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Two years of war: real economic outcomes for both countries

03/18/2024 05:34:00 pm
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War is the worst thing that can happen to a state and its citizens, not only from a humanitarian perspective but also economically. While there may be winners and losers from a military standpoint in an armed conflict, economically, it always ends in a "draw".

But Ukraine at least retains prospects for a post-war "great leap forward". Meanwhile, the future for the aggressor country's economy looks bleak, regardless of the military outcome of the confrontation.

Size matters

You can't erase joint economic history. This is precisely why the dynamics of Gross Domestic Product (GDP) in Ukraine and russia followed absolutely identical trajectories after the collapse of the USSR.

This similarity persisted even after the start of the major war when former "fraternal union republics" became sworn enemies.


Dynamics of the GDP of Ukraine (blue) and the russian federation (green) during the Great War (according to Ukrstat, Rosstat, Ministry of Economy of Ukraine, Ministry of Economic Development of the russian federation)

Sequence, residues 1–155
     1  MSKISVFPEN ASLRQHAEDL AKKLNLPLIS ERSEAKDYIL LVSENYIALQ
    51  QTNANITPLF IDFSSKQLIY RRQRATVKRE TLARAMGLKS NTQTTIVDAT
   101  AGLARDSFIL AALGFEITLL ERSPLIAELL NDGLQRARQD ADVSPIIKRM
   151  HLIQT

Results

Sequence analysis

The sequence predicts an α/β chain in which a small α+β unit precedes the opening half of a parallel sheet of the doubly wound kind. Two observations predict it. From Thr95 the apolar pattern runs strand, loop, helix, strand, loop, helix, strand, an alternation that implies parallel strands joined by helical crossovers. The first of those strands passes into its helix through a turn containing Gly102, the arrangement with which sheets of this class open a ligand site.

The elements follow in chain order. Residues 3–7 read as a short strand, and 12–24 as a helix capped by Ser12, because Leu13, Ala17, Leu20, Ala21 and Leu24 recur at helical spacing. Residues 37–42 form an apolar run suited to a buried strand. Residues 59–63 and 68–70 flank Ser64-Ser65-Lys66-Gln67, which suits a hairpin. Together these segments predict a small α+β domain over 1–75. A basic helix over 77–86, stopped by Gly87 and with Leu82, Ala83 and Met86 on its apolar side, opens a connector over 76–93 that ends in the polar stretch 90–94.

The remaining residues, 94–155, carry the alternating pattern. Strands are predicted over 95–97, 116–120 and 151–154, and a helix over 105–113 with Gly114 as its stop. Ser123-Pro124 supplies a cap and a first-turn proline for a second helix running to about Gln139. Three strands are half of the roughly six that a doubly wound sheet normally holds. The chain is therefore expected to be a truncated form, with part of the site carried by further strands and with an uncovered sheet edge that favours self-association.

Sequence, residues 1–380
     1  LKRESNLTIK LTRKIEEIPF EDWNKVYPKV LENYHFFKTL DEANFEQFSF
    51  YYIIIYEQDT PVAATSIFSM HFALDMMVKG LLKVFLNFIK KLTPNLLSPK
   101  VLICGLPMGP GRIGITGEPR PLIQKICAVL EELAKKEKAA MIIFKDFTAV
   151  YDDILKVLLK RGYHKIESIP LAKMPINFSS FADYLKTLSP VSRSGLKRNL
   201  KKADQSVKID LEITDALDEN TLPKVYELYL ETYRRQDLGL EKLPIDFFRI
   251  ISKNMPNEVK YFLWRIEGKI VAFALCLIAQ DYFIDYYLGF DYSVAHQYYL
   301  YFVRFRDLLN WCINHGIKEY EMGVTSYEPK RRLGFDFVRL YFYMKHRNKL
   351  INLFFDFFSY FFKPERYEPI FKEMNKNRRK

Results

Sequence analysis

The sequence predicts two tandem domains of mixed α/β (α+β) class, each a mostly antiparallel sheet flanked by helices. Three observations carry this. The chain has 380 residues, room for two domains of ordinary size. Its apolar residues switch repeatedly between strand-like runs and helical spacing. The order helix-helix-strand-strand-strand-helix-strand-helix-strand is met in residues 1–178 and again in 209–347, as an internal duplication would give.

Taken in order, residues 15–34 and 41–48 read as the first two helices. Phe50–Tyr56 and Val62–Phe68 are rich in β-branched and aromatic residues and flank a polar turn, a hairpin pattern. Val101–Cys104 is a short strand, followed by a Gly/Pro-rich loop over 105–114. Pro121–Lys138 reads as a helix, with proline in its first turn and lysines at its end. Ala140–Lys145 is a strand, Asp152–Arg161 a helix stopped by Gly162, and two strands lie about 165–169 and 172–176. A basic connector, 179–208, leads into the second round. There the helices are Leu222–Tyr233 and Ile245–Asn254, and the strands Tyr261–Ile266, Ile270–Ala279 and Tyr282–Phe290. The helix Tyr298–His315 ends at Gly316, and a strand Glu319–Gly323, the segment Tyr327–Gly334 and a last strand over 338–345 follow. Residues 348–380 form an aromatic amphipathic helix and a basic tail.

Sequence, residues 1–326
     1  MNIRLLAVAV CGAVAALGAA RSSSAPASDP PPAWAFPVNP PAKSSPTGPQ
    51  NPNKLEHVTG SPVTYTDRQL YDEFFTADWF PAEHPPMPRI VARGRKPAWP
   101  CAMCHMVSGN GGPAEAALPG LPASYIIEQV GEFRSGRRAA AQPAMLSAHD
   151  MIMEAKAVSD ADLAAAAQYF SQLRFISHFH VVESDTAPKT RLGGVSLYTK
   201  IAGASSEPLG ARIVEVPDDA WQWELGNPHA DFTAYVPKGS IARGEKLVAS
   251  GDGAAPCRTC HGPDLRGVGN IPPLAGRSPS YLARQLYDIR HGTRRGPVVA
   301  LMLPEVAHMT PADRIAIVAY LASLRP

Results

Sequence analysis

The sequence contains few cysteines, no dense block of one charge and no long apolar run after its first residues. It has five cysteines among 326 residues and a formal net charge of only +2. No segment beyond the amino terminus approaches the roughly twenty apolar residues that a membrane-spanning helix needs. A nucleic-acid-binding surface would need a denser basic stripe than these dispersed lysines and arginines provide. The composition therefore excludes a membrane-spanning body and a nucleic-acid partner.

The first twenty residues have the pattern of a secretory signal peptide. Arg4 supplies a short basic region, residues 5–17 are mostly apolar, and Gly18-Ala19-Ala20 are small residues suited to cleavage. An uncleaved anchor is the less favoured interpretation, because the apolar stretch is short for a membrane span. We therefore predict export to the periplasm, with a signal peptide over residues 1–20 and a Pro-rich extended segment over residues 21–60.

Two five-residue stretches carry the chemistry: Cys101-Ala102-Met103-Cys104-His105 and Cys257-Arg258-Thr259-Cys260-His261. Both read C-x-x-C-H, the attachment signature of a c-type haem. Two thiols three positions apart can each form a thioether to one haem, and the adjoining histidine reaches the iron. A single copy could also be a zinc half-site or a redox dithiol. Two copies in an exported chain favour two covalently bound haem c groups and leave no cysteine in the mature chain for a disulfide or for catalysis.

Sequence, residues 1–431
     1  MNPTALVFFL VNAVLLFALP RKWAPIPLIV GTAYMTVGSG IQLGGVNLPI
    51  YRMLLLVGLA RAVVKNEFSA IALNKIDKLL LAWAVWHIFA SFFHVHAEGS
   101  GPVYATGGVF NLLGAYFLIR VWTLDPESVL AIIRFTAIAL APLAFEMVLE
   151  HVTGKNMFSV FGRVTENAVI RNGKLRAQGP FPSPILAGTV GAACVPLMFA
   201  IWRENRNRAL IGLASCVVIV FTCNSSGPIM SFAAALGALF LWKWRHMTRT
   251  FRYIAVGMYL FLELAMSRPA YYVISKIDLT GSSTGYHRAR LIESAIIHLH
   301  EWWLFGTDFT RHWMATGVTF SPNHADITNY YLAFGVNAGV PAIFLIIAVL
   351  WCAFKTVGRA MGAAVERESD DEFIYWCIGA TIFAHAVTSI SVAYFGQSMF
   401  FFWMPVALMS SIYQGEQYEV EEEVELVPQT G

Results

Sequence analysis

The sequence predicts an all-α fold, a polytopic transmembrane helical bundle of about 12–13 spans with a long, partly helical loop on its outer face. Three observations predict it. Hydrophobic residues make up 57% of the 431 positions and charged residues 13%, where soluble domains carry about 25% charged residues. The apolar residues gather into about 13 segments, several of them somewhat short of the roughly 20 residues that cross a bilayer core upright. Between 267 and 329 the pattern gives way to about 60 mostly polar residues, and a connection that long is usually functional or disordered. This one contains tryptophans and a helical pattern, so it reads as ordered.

Infographics show that the Ukrainian economy suffered much more in the first year of the war. This is due to the scale effect: it's not that the russian economy is more powerful (more than 60% of its income comes from exporting energy resources, so what power is there really?). It's just bigger. Therefore, it's more resilient to any crises. In other words, during a storm, it's much easier for a small boat to sink than a large tanker, even if it's powered by steam engines from the beginning of the last century.

And of course, russia was greatly aided by record-high world prices for energy resources. This resulted in soaring export revenues, despite fairly harsh economic sanctions imposed by Western countries.

Ukraine also has oil and gas, but not in the quantities that would allow trading them on external markets. Plus, there's the blockade by the russians of the Black Sea ports, through which most of Ukrainian exports flowed.


Dynamics of export revenues of the economy of Ukraine (blue) and the russian federation (green) during the Great War (according to Ukrstat, Rosstat, the State Customs Service of Ukraine, the Federal Customs Service of the russian federation, billion dollars)

Therefore, the total direct losses of the economy for 2022 in monetary terms were not in Ukraine’s favor: $38.27 billion and $21.35 billion GDP (in 2021 prices). Additionally, there is the damage from the destruction of Ukrainian factories, roads, and bridges by the aggressor. A year ago, it reached $400-500 billion, according to estimates from the presidential office.